December 13, 2018
Hospitality group Mandarin Oriental is continuing to embrace the trend of tech-free vacation experiences with a program that offers guests a chance to get away from the digital grind.
With technology encroaching on nearly every aspect of people's lives, more affluents are looking for ways to unplug and rejuvenate. While social media and technology remain key components of the travel planning process, guests are also hoping that a digital detox such as Mandarin Oriental's annual Silent Night allows them to better enjoy their experiences.
"Silent Night is a part of Mandarin Oriental’s Digital Wellness philosophy," said Osa Mallo, director of spa and wellness at Mandarin Oriental Miami. "We believe that although technology is needed, it is equally important to set technology boundaries and not lose the art of being present.
"Digital disconnection gives us the opportunity to use our senses more acutely, and to spend time alone, or with others, and be in the moment," she said.
Silence is golden
Held annually in December, the Spas at Mandarin Oriental offer one night of silence at all of locations around the world. This year's Silent Night was held on the evening of Dec. 12.
Spas offered their usual treatment options but no noise, including music, was permitted. All communication between staff and guests took place before the beginning of the spa treatments.
Staff from the Spas at Mandarin Oriental. Image credit: Mandarin Oriental
Select locations also offered additional silent activities, including meditation and yoga.
For guests who want to immerse themselves in silence, Mandarin Oriental also offers more in-depth experiences that promote digital wellness.
A Digital Wellness Escape treatment lasts for 80 minutes and emphasizes human touch. Mandarin Oriental's Digital Wellness initiative also arms interested guests with tips and advice for managing digital tools and boundaries.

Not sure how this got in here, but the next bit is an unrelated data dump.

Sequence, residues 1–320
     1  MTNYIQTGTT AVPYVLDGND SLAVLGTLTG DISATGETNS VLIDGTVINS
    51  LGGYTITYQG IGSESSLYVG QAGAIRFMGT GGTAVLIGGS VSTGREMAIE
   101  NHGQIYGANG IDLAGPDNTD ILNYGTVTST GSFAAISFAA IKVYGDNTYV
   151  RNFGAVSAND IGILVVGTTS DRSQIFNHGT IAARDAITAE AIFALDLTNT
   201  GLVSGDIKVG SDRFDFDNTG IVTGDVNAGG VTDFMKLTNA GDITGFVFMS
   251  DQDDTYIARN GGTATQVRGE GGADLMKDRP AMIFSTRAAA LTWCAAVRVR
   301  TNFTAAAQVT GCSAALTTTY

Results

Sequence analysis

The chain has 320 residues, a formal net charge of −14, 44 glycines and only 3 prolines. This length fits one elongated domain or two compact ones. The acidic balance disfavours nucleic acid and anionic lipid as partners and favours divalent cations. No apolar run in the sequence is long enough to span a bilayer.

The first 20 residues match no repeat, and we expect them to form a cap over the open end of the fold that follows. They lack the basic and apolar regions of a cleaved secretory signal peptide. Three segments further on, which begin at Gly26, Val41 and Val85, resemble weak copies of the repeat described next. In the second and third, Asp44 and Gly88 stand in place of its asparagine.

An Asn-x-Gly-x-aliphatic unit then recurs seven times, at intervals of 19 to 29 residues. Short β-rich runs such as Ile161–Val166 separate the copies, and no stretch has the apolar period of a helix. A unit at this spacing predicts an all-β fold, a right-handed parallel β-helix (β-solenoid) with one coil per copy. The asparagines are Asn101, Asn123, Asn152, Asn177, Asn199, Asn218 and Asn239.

"This night was created to give our guests a chance to experience and benefit from temporary disconnection," Ms. Mallo said. "In a very stressful and high-tech world, where availability is expected around the clock, it is so important to disconnect and spend an evening in silence, dedicated to contemplation and mindfulness."
Across its properties, Mandarin Oriental is emphasizing the importance of disconnecting from technology from time to time.
For example, The Mandarin Oriental, Las Vegas helped consumers reshape their relationship with their mobile devices with its first Digital Detox Weekend Retreat.
Those who participated got guidance from spa therapists, with a regimented time spent away from their smartphones. In today’s increasingly connected society, providing a reprieve from technology may be just what guests need (see story).
Mandarin Oriental is not alone in encouraging guests to embrace silence and technology-free, or technology-limited, travel.
"Time is one of the greatest luxuries for people," said Tiffany Dowd, founder and president of Luxe Social Media, Boston. "Tech-free vacations are becoming more popular with affluent people because there is a need to disconnect to reconnect."
With affluent travelers' interest in health and wellness becoming an important feature in selecting their next trip, high-end hospitality brands have been forced to embrace it. However, in the past brands and consumers were more focused on fitness, but now digital detoxes and mental health are becoming more popular in catering to today's overly connected affluent.
Luxury travel destinations are now offering consumers ways to unplug from the technology-focused aspects of their busy day-to-day lives for better mental health (see story).
Bespoke travel company Black Tomato also helps affluent consumers get away from it all with a service that provides travel with a touch of the unknown.
Travelers who participate in the agency’s Get Lost program will not know where they are venturing until their arrive at their destination, requiring them to give up a level of control over their travel plans. Offering a taste of adventure and disconnection, the service revolves around remote points on the map, allowing a vacation to be a holistic physical and mental journey (see more).
"We live in a world of digital and social media overload," Ms. Dowd said. "An unplugged holiday can be rejuvenating, however, for some it can be more stressful not to be able to stay connected while on a holiday.
"There’s a fine balance," she said. "Many people prefer a limited tech vacation than fully going off the grid."